2) Re-design of maritime management processes: if maritime data including assets related data are stored digitally on the blockchain, transactions could be handled on a blockchain in a similar way to how payments between parties are handled using digital currencies. Blockchains enable the development of a fully secure, verifiable system, so that two parties can conduct a transaction immediately, without the need for a trusted third party to verify the transaction. Because the history is easily audited, all parties have confidence in the data being shared, and the time needed to close a transaction can be much shorter;

3) Transparent markets: by creating a public ledger of transactions, the shipping market becomes more transparent and new platforms may arise. Platforms that provide, for instance, orders, positions, and fixtures will improve transparency, which is bound to increase the performance of the actors in the chartering process thanks to the transparency and the immutable results recorded in the ledger. The immutable track record of performance that is stored in the blockchain may lead to a possible new rating system. An increase of transparency will also allow regulators and agencies such as classification societies and mutual insurance clubs to get a better understanding of the risks affiliated with maritime business;

4) Payment systems: another point which is argued by literature is using cryptocurrencies in, for instance, lease payments, or as deposits for rental agreements. The advantage is that cryptocurrency can be programmed to escrow and distribute itself. However, as long as digital currencies suffer volatile price fluctuations, it is unlikely that they can be used in a maritime ecosystem;

5) Smart contracts: smart contracts are inherent to the development of blockchain-based applications. The technology enables self-executing contracts, which can automatize several processes in maritime management.

This reviewed fundamental principles and core concepts in the management of maritime companies, including organizational design structures, managerial functions, business processes, measuring and managing performance using KPIs, and the potential impact of innovation and new technology in maritime management. It has been recognized that there is a relative lack of relevant papers on these key areas in maritime management, and although many generic concepts would apply, it is also necessary to carry out shipping- and maritime-related research. This book represents an attempt to address conceptually and empirically specific aspects of maritime management. Yet, further research is needed to address issues such as organizational structures, management control, delegation, and decentralization in maritime companies in relation to the impact on business operational process efficiency. In the context of the maritime industry, there are numerous examples of leaders that inspired their organizations to unprecedented success.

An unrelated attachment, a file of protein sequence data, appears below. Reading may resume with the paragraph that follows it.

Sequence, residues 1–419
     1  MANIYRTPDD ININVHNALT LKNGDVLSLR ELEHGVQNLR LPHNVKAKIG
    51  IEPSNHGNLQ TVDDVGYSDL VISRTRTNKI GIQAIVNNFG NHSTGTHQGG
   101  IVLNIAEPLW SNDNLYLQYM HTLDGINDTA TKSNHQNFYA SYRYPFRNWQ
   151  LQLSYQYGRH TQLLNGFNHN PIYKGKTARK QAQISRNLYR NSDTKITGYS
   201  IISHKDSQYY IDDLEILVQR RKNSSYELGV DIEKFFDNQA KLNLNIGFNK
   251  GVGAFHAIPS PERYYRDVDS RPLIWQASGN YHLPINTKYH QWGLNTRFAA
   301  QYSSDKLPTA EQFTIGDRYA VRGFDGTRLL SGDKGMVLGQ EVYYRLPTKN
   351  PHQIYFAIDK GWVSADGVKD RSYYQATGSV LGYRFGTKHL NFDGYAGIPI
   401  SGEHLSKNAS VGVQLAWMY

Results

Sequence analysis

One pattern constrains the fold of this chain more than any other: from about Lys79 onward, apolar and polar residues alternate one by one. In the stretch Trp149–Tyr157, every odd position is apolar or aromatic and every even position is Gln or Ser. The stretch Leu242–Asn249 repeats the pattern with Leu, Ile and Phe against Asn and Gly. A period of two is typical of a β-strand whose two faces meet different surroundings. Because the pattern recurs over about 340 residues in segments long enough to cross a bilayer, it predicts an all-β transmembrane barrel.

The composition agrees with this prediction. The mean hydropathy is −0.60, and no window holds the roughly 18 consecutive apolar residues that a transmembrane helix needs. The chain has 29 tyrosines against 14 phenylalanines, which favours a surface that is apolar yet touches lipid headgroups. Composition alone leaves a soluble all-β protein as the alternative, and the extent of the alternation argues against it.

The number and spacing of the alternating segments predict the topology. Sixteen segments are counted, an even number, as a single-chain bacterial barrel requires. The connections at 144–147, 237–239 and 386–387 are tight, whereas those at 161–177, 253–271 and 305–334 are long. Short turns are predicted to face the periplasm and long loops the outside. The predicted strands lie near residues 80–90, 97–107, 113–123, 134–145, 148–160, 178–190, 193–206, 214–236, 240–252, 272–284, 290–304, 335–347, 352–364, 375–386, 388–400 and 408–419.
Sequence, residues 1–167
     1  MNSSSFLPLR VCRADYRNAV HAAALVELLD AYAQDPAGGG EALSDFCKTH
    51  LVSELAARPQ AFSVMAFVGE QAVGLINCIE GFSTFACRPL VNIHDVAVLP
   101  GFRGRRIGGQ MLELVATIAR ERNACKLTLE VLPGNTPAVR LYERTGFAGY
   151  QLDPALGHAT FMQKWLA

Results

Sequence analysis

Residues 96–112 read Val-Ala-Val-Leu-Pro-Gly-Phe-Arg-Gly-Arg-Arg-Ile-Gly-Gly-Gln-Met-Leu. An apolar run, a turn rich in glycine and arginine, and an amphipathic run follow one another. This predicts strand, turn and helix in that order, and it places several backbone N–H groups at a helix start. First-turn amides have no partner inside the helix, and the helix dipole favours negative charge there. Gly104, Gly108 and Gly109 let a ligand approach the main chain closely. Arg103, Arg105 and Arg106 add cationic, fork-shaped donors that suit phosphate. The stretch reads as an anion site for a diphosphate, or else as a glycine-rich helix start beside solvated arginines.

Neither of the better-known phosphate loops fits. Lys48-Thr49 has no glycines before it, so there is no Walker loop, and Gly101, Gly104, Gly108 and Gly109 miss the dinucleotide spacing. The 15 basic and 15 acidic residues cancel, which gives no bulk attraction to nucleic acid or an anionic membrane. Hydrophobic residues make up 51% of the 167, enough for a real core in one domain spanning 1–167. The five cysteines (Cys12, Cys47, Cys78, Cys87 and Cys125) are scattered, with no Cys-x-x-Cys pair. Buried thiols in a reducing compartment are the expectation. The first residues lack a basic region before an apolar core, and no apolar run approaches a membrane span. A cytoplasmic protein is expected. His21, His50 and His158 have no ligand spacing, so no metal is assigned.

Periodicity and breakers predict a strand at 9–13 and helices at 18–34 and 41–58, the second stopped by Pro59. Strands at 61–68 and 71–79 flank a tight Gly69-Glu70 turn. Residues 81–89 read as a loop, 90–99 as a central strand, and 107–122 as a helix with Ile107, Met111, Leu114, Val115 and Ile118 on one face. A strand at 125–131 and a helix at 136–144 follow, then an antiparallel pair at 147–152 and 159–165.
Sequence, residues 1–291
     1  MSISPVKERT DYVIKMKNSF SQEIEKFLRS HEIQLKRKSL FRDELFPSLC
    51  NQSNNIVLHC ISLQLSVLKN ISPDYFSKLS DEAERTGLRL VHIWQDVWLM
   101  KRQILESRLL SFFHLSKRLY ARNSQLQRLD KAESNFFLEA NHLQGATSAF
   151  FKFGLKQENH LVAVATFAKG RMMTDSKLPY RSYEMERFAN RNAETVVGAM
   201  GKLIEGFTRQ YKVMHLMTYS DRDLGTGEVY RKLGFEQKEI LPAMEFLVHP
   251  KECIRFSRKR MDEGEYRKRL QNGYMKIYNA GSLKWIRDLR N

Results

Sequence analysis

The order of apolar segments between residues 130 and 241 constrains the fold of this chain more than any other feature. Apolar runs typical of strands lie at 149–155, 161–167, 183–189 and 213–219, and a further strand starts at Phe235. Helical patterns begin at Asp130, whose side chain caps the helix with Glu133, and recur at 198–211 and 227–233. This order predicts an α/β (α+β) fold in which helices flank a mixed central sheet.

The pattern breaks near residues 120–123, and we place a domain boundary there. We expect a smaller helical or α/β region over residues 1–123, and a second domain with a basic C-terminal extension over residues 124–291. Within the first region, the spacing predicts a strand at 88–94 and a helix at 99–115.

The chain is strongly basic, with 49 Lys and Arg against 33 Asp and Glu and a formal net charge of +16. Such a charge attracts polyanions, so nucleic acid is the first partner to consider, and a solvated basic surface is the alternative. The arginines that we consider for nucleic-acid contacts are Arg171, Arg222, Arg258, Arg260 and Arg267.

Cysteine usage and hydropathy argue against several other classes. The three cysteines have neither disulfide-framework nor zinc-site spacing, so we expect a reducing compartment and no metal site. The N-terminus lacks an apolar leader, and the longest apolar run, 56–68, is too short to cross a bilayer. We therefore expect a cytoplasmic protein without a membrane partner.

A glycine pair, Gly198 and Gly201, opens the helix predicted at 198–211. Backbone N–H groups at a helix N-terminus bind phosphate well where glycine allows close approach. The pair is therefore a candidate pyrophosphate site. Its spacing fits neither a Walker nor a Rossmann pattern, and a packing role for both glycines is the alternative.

Yet, research in the area is characterized with relative paucity, providing opportunities for new researchers. In this contemporary era, where research output success hinges on multi-disciplinary approaches, there is scope for investigating the relationship between managerial characteristics and business success in the maritime industry. In addition, recognizing the fundamental difference between operational excellence and strategic excellence, there is ample opportunity to examine the relationship between the two as well as to explore the determinants of operational and strategic performance excellence in shipping, ship operation, and ship management. Finally, there are great opportunities for investigating the application of technology in the maritime management context. This includes the adoption and implementation of big data analysis and the adoption of smart contracts in areas such as ship management and chartering.